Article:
The Q&A Archives: Sea Pinks

Question: I have a large bed of Sea Pinks at my front door area. This is the third year for the Pinks and last year, the plants started turning brown and looked so bad that I removed about 25%. I like the look of the plants when they are healthy, but not when brown. Any suggestions? Thank you.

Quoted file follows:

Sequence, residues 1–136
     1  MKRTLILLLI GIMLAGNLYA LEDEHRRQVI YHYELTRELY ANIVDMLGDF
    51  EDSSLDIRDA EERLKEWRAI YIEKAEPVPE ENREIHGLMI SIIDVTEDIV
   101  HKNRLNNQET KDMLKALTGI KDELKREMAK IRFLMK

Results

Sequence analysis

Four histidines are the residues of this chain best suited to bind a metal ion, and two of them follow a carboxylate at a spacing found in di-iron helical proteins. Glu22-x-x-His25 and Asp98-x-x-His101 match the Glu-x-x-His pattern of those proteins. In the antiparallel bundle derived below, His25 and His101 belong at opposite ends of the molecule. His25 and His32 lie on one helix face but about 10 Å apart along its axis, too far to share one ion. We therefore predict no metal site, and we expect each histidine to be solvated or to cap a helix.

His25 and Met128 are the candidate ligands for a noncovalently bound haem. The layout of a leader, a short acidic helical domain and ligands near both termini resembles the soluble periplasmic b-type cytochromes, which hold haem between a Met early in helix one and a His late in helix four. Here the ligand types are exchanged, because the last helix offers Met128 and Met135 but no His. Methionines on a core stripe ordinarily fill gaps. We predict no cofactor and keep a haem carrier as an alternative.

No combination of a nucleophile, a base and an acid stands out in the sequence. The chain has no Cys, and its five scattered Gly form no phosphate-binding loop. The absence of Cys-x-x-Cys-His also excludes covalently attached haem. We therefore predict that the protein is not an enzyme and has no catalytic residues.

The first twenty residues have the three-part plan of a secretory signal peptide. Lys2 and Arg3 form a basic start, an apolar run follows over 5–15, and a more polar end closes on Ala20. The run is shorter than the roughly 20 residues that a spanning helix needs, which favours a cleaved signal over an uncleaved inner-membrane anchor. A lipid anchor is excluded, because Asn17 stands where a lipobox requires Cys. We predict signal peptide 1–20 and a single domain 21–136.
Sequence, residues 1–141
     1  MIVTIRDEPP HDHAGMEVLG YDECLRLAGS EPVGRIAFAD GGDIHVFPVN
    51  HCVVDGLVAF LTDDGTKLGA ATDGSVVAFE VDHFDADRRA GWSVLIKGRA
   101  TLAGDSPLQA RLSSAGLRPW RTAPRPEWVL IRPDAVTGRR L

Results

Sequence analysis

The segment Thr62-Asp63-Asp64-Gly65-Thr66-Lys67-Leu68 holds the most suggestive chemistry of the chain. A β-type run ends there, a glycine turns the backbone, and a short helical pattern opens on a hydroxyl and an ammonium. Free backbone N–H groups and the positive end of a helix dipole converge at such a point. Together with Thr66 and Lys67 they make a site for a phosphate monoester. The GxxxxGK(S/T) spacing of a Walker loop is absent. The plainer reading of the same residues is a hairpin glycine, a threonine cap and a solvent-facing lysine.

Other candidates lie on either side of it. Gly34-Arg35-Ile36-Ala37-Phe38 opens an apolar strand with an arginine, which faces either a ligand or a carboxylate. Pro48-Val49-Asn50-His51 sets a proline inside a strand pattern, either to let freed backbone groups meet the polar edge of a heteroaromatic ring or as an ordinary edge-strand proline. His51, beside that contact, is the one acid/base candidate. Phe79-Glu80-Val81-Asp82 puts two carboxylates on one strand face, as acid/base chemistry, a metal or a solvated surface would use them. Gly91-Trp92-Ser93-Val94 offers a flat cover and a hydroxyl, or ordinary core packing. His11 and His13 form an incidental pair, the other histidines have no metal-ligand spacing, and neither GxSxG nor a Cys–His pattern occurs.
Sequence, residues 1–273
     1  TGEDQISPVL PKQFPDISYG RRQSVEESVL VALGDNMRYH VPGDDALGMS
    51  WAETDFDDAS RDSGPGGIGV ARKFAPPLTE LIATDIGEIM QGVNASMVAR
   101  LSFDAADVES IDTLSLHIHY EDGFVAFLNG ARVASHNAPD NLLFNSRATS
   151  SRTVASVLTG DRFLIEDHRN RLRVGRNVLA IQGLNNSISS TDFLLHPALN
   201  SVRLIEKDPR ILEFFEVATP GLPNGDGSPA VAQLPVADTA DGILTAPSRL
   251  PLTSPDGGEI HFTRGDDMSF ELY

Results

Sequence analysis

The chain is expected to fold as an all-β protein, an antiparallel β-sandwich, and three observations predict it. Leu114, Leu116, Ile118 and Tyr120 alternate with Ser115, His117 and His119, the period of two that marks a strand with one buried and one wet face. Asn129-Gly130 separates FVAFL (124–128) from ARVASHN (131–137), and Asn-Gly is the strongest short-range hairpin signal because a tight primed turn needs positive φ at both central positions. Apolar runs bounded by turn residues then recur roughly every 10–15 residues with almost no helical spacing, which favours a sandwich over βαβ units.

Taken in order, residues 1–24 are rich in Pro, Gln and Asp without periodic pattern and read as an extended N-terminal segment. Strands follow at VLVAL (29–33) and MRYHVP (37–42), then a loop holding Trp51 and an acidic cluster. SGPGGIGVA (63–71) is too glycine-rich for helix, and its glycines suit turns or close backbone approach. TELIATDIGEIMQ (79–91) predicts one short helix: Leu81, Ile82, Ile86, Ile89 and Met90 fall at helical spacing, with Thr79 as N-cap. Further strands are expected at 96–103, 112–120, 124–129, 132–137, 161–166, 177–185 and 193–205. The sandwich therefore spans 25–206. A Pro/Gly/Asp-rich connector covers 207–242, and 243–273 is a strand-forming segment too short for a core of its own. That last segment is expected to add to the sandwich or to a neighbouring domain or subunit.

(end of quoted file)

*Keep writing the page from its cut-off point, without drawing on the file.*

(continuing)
Answer: Not many pests or diseases affect Sea Pinks so environmental or cultural practices may be the problem. Your plants like well draining soil and a deep watering once or twice a week during the growing season. Sometimes the crowns of the plants, especially when overcrowded, can push up above the soil level, exposing them to dry air and sunshine. You may want to redo the bed this spring, rogue out the sickly, and replant in freshly amended soil. Start by removing the plants and then spreading 4-5 inches of compost or other organic matter over the surface, digging it in to a depth of about 8 inches. Level the soil and then replant, giving each plant about 6 inches of elbow room to encourage good air circulation. Water thoroughly and then plan on watering deeply once each week. I think you will see a great difference in their performance. Best wishes with your landscape!

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